Peggy Booth’s uncle, Army Sgt. Donald D. Noehren, died at the age of 23 in North Korea. After a battle with Chinese forces he was captured and taken to a POW camp, Hufong, where according to records he was listed as a prisoner in 1950. His remains were found by a recovery team that declared them “salted.” Peggy describes how her uncle’s remains “were taken out and planted in a field, probably removed from the POW camp. They had found a mass grave of skeletons and had to use DNA processing to sort out the different bones. His skull and a portion of his right tibia were found. We appreciate that over the years the Army did send us letters notifying us that they were still searching for him.”

Judi Bouchard’s brother, Army 1st Class Alan Boyer, went missing in Laos in 1968. Part of a Special Forces team that came under heavy fire, he could not be extracted. The helicopter ladder he was climbing broke and in 1992 a joint U.S./Lao People’s Democratic Republic team investigated the case. Local Laotians reported seeing three men fall from a helicopter in 1968, and that the local militia buried the bodies in graves nearby. Eventually the remains were turned over by several unnamed Lao émigrés to an American. Judi feels “people just cannot understand unless they were in the actual situation. We all held hope he was taken prisoner. Every single day I woke up and prayed this will be the day we find him. I was consumed by the questions: Was he killed the day he fell from the helicopter, or was he taken prisoner and tortured? It is the never knowing. I am at least glad they were able to identify him by a tiny bone fragment the size of a fingernail.”

Americans need to salute these families and heroes. The burials: Cargile on April 7th in the National Memorial Cemetery of the Pacific, Schlegel on March 30th in Beaufort South Carolina, and Noehren on April 3rd in Arlington National Cemetery. Boyer was buried on June 22nd 2016 also in Arlington National Cemetery near his friend who enlisted to find him and ended up being killed in action in 1971. Although these men are no longer faceless, Americans should not forget the ones remaining: 73,074 service members still unaccounted for from World War II, 7,757 from the Korean War, and 1,618 from the Vietnam War.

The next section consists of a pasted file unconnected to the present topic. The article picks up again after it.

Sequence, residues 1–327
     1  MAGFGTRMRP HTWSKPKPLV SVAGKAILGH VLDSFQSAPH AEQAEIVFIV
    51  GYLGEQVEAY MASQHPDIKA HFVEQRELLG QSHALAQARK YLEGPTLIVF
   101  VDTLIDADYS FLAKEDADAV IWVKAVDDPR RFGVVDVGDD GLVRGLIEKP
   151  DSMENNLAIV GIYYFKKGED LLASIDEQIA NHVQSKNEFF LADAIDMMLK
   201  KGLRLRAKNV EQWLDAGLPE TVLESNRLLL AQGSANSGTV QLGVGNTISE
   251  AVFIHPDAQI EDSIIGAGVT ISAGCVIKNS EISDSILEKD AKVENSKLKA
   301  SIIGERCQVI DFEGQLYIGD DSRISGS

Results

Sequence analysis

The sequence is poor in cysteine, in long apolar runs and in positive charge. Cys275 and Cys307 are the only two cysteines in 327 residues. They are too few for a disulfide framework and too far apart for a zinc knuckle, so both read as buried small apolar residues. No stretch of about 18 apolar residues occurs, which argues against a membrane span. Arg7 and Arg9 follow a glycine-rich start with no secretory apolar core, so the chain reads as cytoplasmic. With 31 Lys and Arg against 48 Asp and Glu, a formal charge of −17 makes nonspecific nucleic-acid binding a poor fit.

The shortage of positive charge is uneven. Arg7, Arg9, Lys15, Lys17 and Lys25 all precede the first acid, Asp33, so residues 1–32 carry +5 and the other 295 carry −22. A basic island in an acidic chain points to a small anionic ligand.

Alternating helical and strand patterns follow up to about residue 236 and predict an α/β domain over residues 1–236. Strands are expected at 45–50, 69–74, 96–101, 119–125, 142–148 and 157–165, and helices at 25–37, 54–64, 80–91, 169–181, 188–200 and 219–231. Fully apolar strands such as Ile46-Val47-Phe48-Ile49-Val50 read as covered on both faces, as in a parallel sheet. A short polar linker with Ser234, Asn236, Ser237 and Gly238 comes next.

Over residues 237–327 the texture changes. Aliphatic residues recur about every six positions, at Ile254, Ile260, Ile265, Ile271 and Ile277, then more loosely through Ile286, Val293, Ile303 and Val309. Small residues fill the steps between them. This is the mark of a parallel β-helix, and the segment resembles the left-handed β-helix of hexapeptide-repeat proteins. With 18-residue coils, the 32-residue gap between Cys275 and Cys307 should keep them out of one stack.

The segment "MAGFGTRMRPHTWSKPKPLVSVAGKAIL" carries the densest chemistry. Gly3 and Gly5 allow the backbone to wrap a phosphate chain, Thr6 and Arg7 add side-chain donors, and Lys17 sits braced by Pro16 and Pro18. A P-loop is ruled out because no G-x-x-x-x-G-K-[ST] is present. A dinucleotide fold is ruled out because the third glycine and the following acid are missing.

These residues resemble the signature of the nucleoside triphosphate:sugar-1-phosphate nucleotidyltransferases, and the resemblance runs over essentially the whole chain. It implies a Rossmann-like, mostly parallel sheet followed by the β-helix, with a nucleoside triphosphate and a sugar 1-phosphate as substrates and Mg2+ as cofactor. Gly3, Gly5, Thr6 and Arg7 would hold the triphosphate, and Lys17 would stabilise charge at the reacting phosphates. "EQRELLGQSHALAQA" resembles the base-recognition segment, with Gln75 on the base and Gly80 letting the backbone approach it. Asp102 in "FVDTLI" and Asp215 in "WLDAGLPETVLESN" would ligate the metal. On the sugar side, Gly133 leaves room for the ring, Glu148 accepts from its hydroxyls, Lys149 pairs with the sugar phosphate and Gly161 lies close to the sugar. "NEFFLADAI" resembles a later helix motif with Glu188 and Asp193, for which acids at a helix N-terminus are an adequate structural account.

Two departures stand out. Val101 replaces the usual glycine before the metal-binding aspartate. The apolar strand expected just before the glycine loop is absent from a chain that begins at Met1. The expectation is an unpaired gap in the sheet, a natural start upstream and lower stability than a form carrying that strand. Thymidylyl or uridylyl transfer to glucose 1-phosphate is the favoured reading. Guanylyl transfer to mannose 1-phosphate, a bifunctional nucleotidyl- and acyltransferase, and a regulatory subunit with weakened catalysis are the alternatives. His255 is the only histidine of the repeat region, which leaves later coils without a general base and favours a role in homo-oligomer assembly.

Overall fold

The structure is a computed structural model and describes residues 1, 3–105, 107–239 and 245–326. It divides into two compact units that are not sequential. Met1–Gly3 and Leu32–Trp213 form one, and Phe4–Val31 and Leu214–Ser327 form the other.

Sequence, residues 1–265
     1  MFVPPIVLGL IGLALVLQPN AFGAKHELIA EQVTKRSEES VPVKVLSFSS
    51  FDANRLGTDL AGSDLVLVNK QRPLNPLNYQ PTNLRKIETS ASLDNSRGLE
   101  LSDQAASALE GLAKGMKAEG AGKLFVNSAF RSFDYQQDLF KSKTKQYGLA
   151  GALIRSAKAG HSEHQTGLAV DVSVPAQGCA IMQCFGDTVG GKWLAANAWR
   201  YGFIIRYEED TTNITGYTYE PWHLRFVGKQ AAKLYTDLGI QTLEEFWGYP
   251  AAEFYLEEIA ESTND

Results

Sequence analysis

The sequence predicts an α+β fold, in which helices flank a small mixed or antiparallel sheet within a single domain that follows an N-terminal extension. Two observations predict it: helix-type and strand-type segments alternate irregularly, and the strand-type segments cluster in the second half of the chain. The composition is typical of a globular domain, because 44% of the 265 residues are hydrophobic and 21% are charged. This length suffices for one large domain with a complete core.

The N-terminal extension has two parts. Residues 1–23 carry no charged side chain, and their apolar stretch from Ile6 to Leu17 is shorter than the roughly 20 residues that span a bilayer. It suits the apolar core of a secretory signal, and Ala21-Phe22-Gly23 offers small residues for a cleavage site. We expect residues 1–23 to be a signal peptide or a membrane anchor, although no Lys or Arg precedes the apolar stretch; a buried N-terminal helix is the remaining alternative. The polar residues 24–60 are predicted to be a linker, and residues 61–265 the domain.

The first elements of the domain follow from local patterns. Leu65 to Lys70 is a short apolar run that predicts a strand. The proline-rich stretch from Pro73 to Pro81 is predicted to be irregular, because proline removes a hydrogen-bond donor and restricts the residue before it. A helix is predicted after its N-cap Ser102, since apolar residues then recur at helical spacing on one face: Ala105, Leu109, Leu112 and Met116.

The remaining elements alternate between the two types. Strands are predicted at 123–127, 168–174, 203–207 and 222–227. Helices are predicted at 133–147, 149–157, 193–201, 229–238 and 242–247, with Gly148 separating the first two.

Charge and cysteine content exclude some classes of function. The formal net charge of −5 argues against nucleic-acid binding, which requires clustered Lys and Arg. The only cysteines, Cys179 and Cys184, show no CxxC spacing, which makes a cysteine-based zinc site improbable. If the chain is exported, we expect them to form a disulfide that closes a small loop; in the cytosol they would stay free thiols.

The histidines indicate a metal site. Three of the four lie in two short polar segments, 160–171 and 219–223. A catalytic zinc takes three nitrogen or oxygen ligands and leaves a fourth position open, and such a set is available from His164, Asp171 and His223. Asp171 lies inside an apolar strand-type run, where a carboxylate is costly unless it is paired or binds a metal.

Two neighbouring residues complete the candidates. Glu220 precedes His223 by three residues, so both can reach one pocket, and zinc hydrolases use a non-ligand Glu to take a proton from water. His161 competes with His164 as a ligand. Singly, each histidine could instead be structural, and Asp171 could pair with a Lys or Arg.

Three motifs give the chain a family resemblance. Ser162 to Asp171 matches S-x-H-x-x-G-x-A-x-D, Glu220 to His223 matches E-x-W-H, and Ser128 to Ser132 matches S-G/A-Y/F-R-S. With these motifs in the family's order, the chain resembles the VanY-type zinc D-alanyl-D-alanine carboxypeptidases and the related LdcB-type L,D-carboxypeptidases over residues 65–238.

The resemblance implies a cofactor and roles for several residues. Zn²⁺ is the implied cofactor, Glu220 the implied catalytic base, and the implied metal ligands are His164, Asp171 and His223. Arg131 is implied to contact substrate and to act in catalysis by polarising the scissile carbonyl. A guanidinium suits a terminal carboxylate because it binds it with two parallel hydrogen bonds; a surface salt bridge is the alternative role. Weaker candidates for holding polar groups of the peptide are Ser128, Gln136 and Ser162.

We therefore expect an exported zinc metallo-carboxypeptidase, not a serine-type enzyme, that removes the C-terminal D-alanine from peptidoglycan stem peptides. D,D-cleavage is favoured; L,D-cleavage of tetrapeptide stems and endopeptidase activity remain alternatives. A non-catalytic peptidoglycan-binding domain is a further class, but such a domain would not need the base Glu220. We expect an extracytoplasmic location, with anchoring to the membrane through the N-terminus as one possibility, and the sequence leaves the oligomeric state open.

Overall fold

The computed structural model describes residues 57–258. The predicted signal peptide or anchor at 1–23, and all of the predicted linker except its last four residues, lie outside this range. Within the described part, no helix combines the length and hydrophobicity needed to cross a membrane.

The author writes for American Thinker. She has done book reviews, author interviews, and has written a number of national security, political, and foreign policy articles.

 

Memorial Day is a time for remembrance. Many think of the ones who have died in combat, but a forgotten group is the Missing In Action. On this solemn day Americans should think about those who never came home, with their families left in limbo. Thankfully, there is one group whose sole purpose is to account for the ones who fought for this country, but never returned home. The Defense POW/MIA Accounting Agency’s mission is to find many of the missing from World War II, the Korean War, and the Vietnam War.

Congressman Mark Walker (R-NC) told American Thinker of his desire to make sure these men and women were not overlooked. He helped to create a “select committee that will bring attention to the issues POWs and MIAs face. The whole purpose of it is to give Congress a better understanding of where the needs are so that we can help. I want to help the families have some closure and let them know I recognize that not all who fought made it back home.”

Kristen Duus, the Chief of External Communications for this agency, believes the number unaccounted for is over 82,500. She emphasizes, “This is a significant number and the family members have wondered for decades what happened to their loved ones. I consider this the most honorable job I ever had including my fifteen years serving in the Army. In January 2015 we became fully operational. Because of the DNA advances and the cooperation of many countries we are able to excavate the bones and then give them full military honors. We only need a minute sample of the DNA from family members.”

Kristen told of the excavation of the USS Oklahoma in 2015 where about 388 sets of remains were found. The USS Oklahoma sank when torpedoes hit it on December 7, 1941, during the Japanese attack on Pearl Harbor. A total of 429 sailors and Marines on the ship were killed. Currently 60% have been identified and she is hoping in the next three to five years the number will rise to 80%.